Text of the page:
“Conduct yourselves wisely toward outsiders, making the most of the time. Let your speech always be gracious, seasoned with salt, so that you may know how you ought to answer everyone.”
~Colossians 4:5-6 (NRSV).
A stranger to church—your everyday ‘Joe’—walks into a church and they’re obviously lost... they just want to find their way to wherever. What sort of response would your average church greeter give them? Would they feel comfortable walking through that foreign door?
Would it be that much different to us walking into a mosque or a Sikh temple?
Likewise for our outsider, they will not feel comfortable, and so why do we in our ‘Christian’ pretence perpetuate the discomfort instead of just being real people? (Of course, most of the time we are being real people at church... but elsewhere in our Christian click? Are we real where we’re likely to stumble across both believer and non-believer in the same place?)
We forget all too easily sometimes what foreign a spiritual language we speak, and how strange our passions for worship and love of God are to the innocent, unsuspecting outsider.
We really can come across as some alien life form to average, worldly people. Sometimes this might be necessary, especially where ethics and moral intuition are concerned, but most of the time it’s unnecessary.
The ‘Harvest’ Was Never About Putting People Off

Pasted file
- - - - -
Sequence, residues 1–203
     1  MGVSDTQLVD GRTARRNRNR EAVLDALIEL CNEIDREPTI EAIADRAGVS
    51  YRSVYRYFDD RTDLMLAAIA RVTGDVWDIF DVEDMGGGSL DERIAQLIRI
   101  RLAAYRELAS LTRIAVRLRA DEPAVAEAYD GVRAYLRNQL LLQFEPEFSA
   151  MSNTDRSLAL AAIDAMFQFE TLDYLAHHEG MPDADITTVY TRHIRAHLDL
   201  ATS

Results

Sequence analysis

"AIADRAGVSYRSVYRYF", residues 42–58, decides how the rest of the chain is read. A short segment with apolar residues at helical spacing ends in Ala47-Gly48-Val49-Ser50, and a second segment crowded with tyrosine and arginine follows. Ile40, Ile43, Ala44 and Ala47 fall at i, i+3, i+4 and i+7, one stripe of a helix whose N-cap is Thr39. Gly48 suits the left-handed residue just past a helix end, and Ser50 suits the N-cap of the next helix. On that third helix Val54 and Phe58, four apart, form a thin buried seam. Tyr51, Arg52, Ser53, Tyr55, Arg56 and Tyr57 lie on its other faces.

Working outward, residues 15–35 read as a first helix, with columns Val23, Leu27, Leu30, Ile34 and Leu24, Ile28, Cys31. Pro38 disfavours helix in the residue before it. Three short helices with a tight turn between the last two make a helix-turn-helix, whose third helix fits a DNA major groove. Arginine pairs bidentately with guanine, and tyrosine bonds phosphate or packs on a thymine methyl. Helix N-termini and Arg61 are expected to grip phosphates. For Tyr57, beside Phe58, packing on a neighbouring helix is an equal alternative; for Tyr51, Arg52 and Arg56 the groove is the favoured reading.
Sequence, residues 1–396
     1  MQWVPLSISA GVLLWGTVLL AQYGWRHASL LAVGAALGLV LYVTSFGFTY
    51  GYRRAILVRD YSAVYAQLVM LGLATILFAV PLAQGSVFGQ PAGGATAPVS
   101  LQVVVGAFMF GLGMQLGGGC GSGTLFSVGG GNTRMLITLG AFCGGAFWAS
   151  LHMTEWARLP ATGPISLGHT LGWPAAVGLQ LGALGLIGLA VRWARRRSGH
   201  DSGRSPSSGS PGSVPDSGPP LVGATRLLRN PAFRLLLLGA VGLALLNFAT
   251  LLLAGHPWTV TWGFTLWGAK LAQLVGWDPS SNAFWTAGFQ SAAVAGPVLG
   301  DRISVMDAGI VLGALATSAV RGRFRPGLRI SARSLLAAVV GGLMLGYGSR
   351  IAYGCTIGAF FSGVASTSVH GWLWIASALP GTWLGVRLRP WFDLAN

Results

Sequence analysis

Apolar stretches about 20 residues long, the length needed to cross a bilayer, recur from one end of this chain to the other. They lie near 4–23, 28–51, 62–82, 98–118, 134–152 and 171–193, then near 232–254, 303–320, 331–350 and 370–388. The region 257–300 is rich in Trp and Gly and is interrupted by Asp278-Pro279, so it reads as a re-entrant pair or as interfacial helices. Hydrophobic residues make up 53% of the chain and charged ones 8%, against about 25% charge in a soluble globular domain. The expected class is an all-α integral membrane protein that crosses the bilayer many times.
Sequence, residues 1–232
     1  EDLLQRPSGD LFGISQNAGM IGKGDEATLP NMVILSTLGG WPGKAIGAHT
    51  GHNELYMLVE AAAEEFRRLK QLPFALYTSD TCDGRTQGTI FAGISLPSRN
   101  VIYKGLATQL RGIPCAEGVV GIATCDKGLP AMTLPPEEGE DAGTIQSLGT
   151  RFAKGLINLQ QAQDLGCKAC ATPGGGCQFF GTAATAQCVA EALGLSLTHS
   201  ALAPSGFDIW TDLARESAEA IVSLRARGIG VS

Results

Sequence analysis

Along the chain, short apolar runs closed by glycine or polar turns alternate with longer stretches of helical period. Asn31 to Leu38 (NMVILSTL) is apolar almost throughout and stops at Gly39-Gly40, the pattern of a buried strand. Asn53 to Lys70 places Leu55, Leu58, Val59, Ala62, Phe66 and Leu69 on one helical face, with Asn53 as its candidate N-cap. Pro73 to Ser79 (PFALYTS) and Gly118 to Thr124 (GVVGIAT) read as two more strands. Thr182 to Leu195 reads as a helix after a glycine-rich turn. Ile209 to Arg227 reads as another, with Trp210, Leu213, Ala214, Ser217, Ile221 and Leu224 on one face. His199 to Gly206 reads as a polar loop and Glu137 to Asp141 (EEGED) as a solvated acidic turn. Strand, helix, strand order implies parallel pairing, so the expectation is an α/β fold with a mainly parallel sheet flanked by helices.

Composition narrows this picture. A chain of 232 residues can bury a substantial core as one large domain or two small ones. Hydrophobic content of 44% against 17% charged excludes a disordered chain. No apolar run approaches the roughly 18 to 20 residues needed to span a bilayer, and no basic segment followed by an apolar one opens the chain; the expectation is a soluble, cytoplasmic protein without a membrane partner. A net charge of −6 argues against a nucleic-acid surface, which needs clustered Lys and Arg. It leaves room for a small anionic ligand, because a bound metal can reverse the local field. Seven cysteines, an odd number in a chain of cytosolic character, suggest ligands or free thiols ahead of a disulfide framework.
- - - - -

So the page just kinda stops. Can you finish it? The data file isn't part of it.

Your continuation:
It was never God’s will that we estrange the world, and especially the pensive seeker, because or our ‘craziness,’ which is possibly just the ardency of our passion without a suitable measure of wise, balanced restraint; call it discretion or prudence.
Whatever, it’s a very godly virtue missing and it puts would-be investigators off the faith—a life-saving faith.
If the world will trust us because we speak reliably the truth in love, it must surely come closer to knowing God.
Faith should always make innovative sense to the outsider; they must see in us, and through us, blessing that is alluring to them. Christian mumbo-jumbo, I’m sure at times, is the enemy’s tool for further disenfranchising the unbelieving world, as they say, “There go those weirdo Christians again!”
Sure, we’re to be in-the-world and not of-the-world, but truth speaks a million languages at once. God is truth, and in this is great power, and when we abide to truth—any truth—it’s alluring, especially to the outsider.
This is our key then; to remain firmly embedded in truth, seasoning it with the authenticity of love.
© 2010 S. J. Wickham.